BmGPI12 peptide library
A library of 19 overlapping peptides covering a portion of the BmGPI12 protein between amino acids 50 and 200 were synthesized by Genscript, Inc. Each peptide consists of 11 amino acids with the last 3 amino acids of one peptide overlapping with the first 3 amino acids of the next peptide. Table 2 includes the list of all the peptides used in this study.
Babesia microti short-term in-vitro culture
Short-term in-vitro culture of B. microti was performed as previously described (Thekkiniath et al., 2018). Under these conditions, the parasite develops from ring to tetrad stages (Lawres et al., 2016) and secretes antigens such as BmGPI12 and BmIPA48, which are also detected in plasma from B. microti-infected animals (Thekkiniath et al., 2019). Briefly, one C.B-17.SCID mouse (Cornillot et al., 2016) was infected with the B. microti Lab S1 strain and 50 μL of infected blood (at 15% parasitemia) was mixed with 100 μL of uninfected human RBC (A+, 50% hematocrit) and allowed to grow in complete DMEM-F12-based cell culture medium (850 μL) (BE04-687F/U1, Lonza) supplemented with 20% heat-inactivated fetal bovine serum (HI-FBS, F4135, Sigma), 1X-antibiotic/antimycotic solution (15240-062, GIBCO), 2% 50X HT Media Supplement Hybri-Max 230 TM (H0137, Sigma), 1% 200 mM L-Glutamine (25030-081, GIBCO) for 24h at 37°C under hypoxic condition (2% O2) (Singh et al., 2022). 1 ml culture volume was centrifuged at 400 x g at room temperature for 10 min, and a 1ml culture supernatant (S) was collected. The cell pellet was further treated with 1% saponin (100 µl) and incubated on ice for 30 min. Hemolysate (H) and parasite pellet (P) fractions were collected after centrifugation at 9,300 x g for 10 min at 4°C. The parasite pellet was resuspended in 30µl of 1X Laemmli sample buffer. The collected S, H, and P fractions were used for immunoblot analysis.
Immunodetection of BmGPI12
Supernatant (S), hemolysate (H), and parasite pellet (P) fractions from a short-term in vitro culture of B. microti (iRBCs) and similar fractions from non-infected human RBCs (uRBCs, control) were used in western blots. Sample (S, H and P) were mixed with Laemmli sample buffer (1610747, BIO-RAD), boiled at 80°C for 5 min, separated on 12% mini-protean gels, and transferred onto nitrocellulose membranes. The membrane was blocked with 5% non-fat skim milk (AB10109-01000, American Bio) in Tris-buffered saline (TBS) containing 0.02 M Tris base, 0.15 M NaCl, and 0.1% Tween 20 (1X TBST) for 1h at room temperature followed by incubation with 18 anti-BmGPI12 MAbs (1:250 dilution in blocking buffer) at 4°C overnight. Following treatment with primary antibodies, the membranes were washed three times with 1X TBST (10 min each) and incubated with HRP-conjugated goat anti-mouse IgG (1: 5,000 dilution) (31466, Thermo Fisher) for 1h at room temperature. Subsequently, the membranes were washed twice with 1X TBST and once with 1X PBS and developed using Super signal™ West Pico PLUS chemiluminescent substrate (34577, Thermo Scientific). The blot was imaged using LI-COR Odyssey-Fc imaging system.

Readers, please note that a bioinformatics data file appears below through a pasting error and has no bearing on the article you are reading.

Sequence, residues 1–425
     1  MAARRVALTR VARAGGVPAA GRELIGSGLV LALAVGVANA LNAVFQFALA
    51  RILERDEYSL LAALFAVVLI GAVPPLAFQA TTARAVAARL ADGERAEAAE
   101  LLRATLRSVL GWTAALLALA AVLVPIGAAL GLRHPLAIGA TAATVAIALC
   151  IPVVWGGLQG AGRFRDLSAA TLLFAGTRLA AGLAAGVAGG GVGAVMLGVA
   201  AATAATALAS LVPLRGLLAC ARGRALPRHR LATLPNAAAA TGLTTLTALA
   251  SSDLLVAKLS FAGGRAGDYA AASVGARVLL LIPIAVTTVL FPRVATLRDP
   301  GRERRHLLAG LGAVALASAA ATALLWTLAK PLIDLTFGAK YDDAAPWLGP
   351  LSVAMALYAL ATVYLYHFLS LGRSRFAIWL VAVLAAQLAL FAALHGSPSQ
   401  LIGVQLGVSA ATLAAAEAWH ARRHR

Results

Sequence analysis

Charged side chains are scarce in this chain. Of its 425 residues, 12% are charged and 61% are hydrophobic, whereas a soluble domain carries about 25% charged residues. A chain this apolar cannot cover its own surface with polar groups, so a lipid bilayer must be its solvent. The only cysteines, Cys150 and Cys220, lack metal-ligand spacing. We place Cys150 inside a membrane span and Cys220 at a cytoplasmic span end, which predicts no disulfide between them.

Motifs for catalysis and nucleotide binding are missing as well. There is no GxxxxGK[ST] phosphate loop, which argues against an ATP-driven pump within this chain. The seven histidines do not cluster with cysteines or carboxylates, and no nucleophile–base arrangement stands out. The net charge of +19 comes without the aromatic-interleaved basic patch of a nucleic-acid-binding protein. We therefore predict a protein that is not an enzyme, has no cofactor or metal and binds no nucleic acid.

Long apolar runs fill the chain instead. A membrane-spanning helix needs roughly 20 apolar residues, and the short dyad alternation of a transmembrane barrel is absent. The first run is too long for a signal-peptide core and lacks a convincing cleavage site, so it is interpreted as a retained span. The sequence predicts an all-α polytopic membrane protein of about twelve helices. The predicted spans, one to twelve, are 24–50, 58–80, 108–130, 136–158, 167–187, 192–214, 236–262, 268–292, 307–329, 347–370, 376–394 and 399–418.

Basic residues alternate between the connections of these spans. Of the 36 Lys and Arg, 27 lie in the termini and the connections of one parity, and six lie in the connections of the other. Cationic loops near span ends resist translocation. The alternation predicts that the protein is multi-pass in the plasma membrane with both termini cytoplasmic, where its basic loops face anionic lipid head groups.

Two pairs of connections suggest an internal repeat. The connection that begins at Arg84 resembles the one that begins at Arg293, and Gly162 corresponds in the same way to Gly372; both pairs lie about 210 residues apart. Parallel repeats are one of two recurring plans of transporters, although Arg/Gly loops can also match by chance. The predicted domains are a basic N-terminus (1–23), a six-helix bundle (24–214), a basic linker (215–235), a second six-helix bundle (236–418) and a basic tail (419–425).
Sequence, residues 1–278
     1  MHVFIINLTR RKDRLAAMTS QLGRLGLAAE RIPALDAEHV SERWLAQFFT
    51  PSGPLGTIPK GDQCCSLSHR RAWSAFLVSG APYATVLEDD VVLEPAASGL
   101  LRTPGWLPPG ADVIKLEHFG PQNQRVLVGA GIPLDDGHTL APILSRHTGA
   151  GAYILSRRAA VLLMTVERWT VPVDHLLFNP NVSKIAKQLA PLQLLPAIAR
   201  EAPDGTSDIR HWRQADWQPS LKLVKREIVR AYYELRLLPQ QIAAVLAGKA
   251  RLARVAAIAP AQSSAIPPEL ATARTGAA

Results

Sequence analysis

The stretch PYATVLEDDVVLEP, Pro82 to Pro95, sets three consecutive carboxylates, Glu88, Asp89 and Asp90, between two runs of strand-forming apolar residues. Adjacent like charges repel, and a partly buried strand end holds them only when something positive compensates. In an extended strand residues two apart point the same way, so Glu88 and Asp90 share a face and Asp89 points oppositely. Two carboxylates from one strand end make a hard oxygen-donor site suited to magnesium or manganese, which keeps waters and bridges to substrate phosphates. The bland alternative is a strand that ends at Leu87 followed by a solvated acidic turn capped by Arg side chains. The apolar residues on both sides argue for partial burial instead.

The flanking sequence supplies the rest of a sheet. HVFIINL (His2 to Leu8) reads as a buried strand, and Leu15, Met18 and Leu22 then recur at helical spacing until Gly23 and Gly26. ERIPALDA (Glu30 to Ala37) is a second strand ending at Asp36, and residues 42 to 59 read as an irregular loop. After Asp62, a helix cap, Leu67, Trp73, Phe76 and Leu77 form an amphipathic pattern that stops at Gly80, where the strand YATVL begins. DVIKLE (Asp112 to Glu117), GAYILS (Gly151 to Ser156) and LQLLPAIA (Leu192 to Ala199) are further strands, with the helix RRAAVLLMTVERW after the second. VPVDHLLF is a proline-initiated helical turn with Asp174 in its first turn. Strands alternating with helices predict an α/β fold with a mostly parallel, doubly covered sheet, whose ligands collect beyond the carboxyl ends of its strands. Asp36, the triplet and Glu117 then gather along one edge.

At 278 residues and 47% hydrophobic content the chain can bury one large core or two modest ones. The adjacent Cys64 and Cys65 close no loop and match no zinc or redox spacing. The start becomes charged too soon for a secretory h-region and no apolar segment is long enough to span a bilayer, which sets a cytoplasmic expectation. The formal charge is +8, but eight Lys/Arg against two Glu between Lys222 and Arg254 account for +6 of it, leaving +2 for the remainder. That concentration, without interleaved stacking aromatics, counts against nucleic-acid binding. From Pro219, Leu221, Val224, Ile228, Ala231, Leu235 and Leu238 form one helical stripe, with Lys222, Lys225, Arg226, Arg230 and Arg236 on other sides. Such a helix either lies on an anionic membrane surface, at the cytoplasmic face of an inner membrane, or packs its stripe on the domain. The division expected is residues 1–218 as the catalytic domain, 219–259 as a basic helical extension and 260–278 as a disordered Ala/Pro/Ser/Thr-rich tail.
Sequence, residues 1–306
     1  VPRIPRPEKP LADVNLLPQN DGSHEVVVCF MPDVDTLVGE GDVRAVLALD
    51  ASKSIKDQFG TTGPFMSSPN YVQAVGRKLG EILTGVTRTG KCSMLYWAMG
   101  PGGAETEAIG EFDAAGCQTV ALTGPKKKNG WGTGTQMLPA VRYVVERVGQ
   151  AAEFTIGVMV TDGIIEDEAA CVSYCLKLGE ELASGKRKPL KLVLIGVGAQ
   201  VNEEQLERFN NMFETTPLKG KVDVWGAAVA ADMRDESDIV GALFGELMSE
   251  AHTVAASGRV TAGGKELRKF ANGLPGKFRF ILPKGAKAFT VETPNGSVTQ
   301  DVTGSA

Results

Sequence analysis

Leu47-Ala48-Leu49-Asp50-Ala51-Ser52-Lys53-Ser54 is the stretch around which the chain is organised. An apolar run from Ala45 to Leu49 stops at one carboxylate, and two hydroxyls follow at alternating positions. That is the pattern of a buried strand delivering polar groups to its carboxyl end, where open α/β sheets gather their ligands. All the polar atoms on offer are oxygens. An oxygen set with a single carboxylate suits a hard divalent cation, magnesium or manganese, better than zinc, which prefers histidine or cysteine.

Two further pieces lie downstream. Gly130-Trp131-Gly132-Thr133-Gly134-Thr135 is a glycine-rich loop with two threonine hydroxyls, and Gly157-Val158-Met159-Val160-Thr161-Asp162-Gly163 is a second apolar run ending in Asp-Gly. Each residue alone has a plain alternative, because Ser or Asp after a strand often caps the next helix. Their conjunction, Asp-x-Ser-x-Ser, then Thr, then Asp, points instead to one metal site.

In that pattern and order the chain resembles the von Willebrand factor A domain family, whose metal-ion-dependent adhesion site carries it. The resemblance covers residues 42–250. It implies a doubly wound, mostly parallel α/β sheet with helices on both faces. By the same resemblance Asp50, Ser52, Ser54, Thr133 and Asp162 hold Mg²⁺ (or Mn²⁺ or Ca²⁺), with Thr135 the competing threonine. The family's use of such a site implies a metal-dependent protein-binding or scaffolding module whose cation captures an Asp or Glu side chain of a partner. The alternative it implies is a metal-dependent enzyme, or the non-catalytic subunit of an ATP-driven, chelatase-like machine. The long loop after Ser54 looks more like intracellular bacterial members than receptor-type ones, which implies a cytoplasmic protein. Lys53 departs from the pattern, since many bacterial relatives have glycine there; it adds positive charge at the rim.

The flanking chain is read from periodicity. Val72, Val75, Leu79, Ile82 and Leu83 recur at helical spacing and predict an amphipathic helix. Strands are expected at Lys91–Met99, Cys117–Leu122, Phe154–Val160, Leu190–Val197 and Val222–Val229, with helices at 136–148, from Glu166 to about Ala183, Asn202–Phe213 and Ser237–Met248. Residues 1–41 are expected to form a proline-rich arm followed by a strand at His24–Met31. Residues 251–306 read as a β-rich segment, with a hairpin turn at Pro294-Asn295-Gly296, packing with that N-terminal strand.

Thin blood smears from uninfected and B. microti-infected C.B-17.SCID mice RBCs were prepared on glass slides (640-001T, DOT scientific) and fixed with chilled methanol (9070-05, JT Baker) for 15 min at -20°C. The smears were air-dried and blocked in 3% BSA in PBS buffer (A9418, Sigma) for 1h at room temperature. Following this step, the smears were incubated with the mouse monoclonal anti-BmGPI12 antibody 5C11 at 1:500 dilution for 1h at room temperature. This was followed by three washes in 1X PBS containing 0.05% Tween and three washes in 1X PBS, 5 min each. Subsequently, the smears were incubated with goat anti-mouse IgG antibodies conjugated to Alexa Fluor 488 (1:500 dilution) (A-11001, Life Technologies) for 1h at room temperature. This was followed by three washes in 1X PBST and three washes in 1X PBS. The smears were further incubated with Phycoerythrin (PE)-conjugated anti-mouse TER-119 (1:200 dilution) (116207, BioLegend) for 1h at room temperature followed by three washes in 1X PBST and three washes in 1X PBS. Coverslips were then mounted on glass slides using Vectashield mounting medium containing DAPI (H-1200-10, Vector Laboratories) and examined using a Nikon ECLIPSE TE2000-E microscope. A 100X oil immersion objective was used for image acquisition. Excitation at 465-495 nm was used to detect Alexa Fluor 488 positive cells; excitation at 510-560 nm was used to detect PE positive cells, and excitation at 340-380 nm was used to detect DAPI positive cells. The images were acquired using MetaVue with 1,392 x 1,040 pixel as the chosen image size and subsequently analyzed using ImageJ.